Myriam Francois Cerrah
Issue 77 February 2011
Myriam Francois Cerrah, Oxford University DPhil student in Middle East Politics, and regular contributor on current affairs, embraced Islam in 2003 aged 21
I embraced Islam after graduating from Cambridge. Prior to that I was a sceptical Catholic; a believer in God but with a mistrust of organised religion.
The Qur’an was pivotal for me. I first tried to approach it in anger, as part of an attempt to prove my Muslim friend wrong. Later I began reading it with a more open mind. The opening of Al Fatiha, with its address to the whole of mankind, psychologically stopped me in my tracks. It spoke of previous scriptures in a way which I both recognised, but also differed. It clarified many of the doubts I had about Christianity. It made me an adult as I suddenly realised that my destiny and my actions had consequences for which I alone would now be held responsible. In a world governed by relativism, it outlined objective moral truths and the foundation of morality. As someone who’d always had a keen interest in philosophy, the Qur’an felt like the culmination of all of this philosophical cogitation. It combined Kant, Hume, Sartre and Aristotle. It somehow managed to address and answer the deep philosophical questions posed over centuries of human existence and answer its most fundamental one, ‘why are we here?’
In the Prophet Muhammad, I recognised a man who was tasked with a momentous mission, like his predecessors, Moses, Jesus and Abraham. I had to pick apart much of the Orientalist libel surrounding him in order to obtain accurate information, since the historical relativism which people apply to some degree when studying other historical figures, is often completely absent, in what is a clear attempt to disparage his person.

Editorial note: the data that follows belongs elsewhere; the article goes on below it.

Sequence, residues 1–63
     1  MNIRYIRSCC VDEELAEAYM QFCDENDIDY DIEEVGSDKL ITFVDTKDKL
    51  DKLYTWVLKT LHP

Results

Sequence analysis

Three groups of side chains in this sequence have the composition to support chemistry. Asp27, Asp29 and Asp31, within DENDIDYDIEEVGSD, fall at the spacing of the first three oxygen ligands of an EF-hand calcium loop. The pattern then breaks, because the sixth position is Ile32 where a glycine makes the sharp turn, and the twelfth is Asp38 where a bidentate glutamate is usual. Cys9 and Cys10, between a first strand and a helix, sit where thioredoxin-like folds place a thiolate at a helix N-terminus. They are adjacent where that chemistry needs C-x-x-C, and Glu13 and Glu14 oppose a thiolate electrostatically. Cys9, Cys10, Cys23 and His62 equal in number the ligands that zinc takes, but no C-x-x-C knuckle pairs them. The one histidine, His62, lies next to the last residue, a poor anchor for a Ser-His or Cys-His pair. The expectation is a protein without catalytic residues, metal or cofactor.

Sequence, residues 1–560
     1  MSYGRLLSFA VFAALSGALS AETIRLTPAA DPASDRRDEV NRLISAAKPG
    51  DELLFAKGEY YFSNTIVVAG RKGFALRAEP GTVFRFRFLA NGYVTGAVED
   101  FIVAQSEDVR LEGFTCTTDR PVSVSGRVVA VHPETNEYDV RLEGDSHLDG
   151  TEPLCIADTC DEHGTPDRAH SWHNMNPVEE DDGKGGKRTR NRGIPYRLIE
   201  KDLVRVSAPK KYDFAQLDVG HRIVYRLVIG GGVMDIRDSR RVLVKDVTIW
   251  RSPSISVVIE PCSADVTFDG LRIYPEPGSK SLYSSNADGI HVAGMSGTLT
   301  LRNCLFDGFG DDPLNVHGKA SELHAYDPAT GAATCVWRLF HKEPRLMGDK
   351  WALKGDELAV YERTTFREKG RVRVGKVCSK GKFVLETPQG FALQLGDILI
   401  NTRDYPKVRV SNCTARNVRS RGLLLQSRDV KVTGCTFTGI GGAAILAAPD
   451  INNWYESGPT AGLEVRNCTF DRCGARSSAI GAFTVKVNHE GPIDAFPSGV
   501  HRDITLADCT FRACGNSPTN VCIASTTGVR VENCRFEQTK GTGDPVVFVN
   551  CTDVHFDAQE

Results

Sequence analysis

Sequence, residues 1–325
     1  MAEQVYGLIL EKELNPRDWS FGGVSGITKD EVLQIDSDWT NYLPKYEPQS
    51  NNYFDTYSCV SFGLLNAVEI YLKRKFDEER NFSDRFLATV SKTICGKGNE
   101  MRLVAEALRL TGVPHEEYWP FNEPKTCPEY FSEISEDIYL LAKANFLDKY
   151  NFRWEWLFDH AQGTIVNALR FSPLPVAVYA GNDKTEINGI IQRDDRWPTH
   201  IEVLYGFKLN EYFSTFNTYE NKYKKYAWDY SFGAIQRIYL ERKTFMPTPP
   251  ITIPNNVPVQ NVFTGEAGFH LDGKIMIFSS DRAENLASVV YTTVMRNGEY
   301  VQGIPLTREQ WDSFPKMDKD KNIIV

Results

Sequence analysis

I think many of my close friends thought I was going through another phase and would emerge from the other side unscathed, not realising that the change was much more profound. Some of my closest friends did their best to support me and understand my decisions. I have remained very close to some of my childhood friends and through them I recognise the universality of the Divine message, as God’s values shine through in the good deeds any human does, Muslim or not.
I have never seen my conversion as a ‘reaction’ against, or an opposition to my culture. In contrast, it was a validation of what I’ve always thought was praiseworthy, whilst being a guidance for areas in need of improvement. I also found many mosques not particularly welcoming and found the rules and protocol confusing and stressful. I did not immediately identify with the Muslim community. I found many things odd and many attitudes perplexing. The attention given to the outward over the inward continues to trouble me deeply.
There is a need for a confident, articulate British Muslim identity which can contribute to the discussions of our time. Islam is not meant to be an alien religion, we shouldn’t feel like we’ve lost all trace of ourselves. Islam is a validation of the good in us and a means to rectify the bad.